Conversion – the continuing turning, turning home which is the Christian life – means taking responsibility for an area of one’s own growth and development. This day’s work, this baptism, can yield new insight into the meaning of the baptismal covenant, not only for the person being baptized today but also indeed for the whole people here assembled.

This is the hidden opportunity of the ‘third vow’. There are plenty of charming examples of a celebrant chiding the people, ‘say it again, this time with feeling’, but beyond emotion and stage theatrics, what lasting change can be effected by taking this vow?

And what help and support and affirmation might the newly baptized expect to receive after the service is over?

The idea of sponsors or witnesses to baptism allows for some willing individuals to represent and model for the congregation the affirmation that all make together and the support that all undertake before God in solemn assembly to carry out.

The people of God have work to do, in praise and prayer and service, which we affirm and renew in this sacramental liturgy? Let’s put some ‘oomph’ into ‘we will’ – and vim into our vows, and power into our prayers.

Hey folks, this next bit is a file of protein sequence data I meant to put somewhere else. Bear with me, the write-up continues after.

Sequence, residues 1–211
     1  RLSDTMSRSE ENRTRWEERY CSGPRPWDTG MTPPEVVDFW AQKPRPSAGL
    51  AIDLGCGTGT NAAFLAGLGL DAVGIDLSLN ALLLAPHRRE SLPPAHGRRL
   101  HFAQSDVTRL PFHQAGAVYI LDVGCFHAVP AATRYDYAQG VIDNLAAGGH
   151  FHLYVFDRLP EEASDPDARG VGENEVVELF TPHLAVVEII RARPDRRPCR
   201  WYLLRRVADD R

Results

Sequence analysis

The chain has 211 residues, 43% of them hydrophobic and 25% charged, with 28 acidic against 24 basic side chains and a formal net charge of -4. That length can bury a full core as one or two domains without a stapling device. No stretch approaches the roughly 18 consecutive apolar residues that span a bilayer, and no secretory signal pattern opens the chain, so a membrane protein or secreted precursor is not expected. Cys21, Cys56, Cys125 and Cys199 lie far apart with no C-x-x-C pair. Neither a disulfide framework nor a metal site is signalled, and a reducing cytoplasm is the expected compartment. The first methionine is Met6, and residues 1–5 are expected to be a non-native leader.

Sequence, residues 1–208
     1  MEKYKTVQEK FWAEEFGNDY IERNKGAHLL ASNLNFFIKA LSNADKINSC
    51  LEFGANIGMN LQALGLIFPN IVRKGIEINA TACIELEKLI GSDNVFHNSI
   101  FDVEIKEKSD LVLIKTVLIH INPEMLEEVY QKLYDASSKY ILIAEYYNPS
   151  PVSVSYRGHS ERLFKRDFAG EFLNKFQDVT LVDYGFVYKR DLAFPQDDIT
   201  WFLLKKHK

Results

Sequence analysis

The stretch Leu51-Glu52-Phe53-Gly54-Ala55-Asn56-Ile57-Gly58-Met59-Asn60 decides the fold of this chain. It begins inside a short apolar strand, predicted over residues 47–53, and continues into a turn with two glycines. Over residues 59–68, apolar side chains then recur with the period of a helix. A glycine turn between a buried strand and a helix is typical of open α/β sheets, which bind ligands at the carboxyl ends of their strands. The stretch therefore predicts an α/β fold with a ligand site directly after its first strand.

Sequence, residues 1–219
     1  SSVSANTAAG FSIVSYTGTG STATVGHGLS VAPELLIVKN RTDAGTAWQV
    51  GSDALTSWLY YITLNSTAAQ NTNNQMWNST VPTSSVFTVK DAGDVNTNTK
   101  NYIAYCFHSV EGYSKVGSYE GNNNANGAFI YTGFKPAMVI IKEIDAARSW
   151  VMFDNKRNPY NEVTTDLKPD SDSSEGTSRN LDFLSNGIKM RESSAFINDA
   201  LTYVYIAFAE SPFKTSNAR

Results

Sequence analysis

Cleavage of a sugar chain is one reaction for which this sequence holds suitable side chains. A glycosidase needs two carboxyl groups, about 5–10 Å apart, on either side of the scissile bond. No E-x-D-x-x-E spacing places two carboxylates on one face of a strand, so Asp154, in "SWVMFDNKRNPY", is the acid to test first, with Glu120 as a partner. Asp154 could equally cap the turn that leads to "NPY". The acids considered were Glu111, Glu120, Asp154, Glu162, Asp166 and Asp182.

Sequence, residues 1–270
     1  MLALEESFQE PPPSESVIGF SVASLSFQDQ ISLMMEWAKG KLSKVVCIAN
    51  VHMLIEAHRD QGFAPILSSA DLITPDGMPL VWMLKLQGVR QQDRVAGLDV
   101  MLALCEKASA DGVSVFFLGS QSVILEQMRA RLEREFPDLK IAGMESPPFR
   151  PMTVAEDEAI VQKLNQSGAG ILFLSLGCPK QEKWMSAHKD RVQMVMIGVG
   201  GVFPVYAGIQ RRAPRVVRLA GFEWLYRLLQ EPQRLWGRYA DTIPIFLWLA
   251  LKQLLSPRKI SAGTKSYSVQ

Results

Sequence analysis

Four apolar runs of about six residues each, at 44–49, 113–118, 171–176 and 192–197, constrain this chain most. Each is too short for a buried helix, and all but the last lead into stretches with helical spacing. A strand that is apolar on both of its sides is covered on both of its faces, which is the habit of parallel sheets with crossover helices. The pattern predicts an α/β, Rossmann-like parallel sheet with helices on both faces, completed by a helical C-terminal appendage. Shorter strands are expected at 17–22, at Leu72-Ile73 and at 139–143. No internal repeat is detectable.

Will you pray for this child and her parents?

Will you make her - and all children - welcome in church?

Will you get to know the family and walk with them through good times and challenging times?

Will you participate in the education of this child - and all children - as Christians?

Will you who witness these vows do all in your
power to support these persons in their life in Christ?

And the People say      We will.


Easter Day * April 8, 2012


This sermon owes a lot to the Rev. Dr. Susan Marie Smith, who taught a course on worship at the San Francisco Theological Seminary in 2011. Some of the ideas come from a paper that I wrote for her class.